The essential Frances Fox Piven on throwing sand into the gears of everything in the fight against Trumpism. Most Americans are unused to this kind of resistance, but we need to get up to speed fast. Our nominal representatives, the corporate Democrats, are only showing backbone because we are demanding that they do so. Marches are good, but they’re only a piece of the struggle to come. Read Piven on the tactics of refusal and disobedience.
Sunday at the Battery, NYC, under the eyes of the Statue of Liberty. Frankly, what this country needs is a good national strike. [Things are happening so quickly: Francine Prose had a call for a general strike yesterday.2/17 is being bandied about.] And fewer personalities: we’ll make this road while walking it, and if politicians want to grandstand, fine, but we must make them sweat for it.
On Saturday night, taxi drivers at JFK stopped picking up passengers in solidarity for those protesting the Trump-Bannon Muslim ban, and Uber — CEO-ed by a Trumpet — promptly broke the strike. This led to a lot of people deleting their Uber accounts, although I’m not sure why anyone would have one to begin with, considering how insidious that corporation is. (And what a creepy name!) [Since then, they promised to give $3 million to the cause of immigrant rights; compare that with the advertising budget, if you dare; it’s chump change public relations.] The “sharing economy” is a libel on the word “sharing.”
This raises the moral calculus: some innocent airline passengers were undoubtedly inconvenienced at JFK and other airports around the country. That’s not a good thing. But a much greater evil was being protested, because those pulled out of line by Customs and Border Patrol were innocent, too. This isn’t a pure world; there are degrees of evil, and sometimes struggling against the greater evil comes at a cost. You should be expecting inconvenience now. It’s a small price to pay for liberty.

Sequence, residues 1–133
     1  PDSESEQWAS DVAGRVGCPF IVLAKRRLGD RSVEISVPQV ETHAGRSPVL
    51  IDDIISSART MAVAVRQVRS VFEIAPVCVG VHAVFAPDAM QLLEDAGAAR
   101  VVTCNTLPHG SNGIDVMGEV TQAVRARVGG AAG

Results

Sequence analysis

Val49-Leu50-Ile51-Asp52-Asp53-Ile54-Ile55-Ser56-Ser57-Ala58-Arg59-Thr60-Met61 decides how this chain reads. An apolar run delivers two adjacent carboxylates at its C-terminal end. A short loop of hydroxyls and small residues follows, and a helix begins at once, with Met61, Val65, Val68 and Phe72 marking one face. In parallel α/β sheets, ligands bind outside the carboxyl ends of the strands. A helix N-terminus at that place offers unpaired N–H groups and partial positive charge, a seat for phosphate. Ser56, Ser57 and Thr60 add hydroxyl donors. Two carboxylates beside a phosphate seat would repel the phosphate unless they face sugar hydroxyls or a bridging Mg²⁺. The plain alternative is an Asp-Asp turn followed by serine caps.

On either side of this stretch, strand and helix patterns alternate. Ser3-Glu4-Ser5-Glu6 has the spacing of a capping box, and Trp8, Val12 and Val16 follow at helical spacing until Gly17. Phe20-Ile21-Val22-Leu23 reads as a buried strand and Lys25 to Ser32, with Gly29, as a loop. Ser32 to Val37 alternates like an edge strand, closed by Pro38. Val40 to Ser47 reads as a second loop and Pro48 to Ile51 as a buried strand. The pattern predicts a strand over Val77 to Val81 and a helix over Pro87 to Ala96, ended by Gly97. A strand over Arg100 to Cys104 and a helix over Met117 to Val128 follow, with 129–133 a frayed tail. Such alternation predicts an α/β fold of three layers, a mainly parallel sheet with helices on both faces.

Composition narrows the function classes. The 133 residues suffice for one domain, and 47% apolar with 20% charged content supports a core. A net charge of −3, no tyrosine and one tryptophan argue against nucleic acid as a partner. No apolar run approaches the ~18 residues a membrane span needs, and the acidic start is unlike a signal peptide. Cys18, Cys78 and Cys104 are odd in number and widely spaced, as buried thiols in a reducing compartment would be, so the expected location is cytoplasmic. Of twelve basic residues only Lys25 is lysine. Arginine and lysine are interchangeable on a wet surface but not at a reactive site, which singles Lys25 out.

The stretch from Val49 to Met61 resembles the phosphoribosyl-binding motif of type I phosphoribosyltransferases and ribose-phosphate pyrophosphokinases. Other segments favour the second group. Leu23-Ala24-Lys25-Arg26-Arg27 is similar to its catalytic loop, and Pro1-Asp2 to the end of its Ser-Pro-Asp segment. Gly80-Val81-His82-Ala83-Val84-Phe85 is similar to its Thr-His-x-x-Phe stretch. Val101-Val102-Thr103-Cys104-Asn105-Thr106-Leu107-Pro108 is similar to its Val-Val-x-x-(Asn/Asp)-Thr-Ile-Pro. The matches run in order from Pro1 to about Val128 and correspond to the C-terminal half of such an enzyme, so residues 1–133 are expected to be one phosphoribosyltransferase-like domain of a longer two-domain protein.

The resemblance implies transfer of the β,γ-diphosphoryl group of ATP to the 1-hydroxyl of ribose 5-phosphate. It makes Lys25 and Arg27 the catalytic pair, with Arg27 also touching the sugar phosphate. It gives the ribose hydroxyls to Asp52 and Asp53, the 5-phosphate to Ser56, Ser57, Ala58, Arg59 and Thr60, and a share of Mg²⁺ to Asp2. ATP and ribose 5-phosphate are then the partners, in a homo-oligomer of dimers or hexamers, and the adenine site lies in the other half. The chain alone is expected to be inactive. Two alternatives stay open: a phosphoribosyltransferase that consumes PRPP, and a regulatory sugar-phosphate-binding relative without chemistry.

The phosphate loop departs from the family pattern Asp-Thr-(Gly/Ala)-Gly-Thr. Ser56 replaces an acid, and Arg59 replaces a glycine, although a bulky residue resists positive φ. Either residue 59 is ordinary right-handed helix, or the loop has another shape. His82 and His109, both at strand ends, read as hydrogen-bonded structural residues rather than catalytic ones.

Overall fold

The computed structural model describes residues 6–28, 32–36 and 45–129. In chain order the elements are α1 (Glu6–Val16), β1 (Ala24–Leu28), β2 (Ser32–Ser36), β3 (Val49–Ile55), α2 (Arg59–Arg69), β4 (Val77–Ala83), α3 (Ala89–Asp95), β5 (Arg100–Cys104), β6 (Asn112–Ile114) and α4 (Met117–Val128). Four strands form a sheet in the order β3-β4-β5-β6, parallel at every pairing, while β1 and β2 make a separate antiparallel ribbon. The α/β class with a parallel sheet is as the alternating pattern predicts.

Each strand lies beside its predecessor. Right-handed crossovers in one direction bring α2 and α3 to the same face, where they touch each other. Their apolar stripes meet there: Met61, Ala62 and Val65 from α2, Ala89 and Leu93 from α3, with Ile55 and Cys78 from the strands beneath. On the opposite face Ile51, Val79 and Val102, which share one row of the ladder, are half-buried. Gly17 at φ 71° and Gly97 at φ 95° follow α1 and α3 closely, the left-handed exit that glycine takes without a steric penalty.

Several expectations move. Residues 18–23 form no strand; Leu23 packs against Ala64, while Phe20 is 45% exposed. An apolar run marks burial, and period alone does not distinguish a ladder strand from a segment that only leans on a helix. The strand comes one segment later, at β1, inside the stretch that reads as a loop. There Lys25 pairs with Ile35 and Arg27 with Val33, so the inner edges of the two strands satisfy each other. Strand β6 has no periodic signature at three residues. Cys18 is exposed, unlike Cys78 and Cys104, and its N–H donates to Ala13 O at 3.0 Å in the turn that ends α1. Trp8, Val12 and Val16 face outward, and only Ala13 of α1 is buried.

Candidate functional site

Study the abolitionists, who boycotted slave sugar. The more radical violated the loathsome Fugitive Slave Law of 1850 directly and indirectly (you could be arrested for simply not aiding a slave-catcher). The boldest helped with the Underground Railroad (the Thoreaus of Concord, MA, did).
Remember the people in Montgomery who walked miles and car-shared for months during the bus boycott. Sacrifices will be necessary. Remember the long struggle against apartheid, with damn little of it officially coming from the U.S., to our lasting shame.(Check out the epic documentary Have You Heard From Johannesburg.)
This is hard, and dangerous. I do not doubt that the likes of Bannon would welcome a coup. And the state controls the machinery of incarceration, torture, and death. But we’re not there yet. This is just a full-blown constitutional crisis, with the executive disobeying federal courts. (Just! And this is just the second week of that addled orange monster’s reign of excrement.) So stay strong, with the people you love. And work to build communities. Sharing is a mutual act of kindness; it is not an economic activity. But above all, stand up any and every way you can.And keep a weather-eye out for owls. You never know when they’ll show up.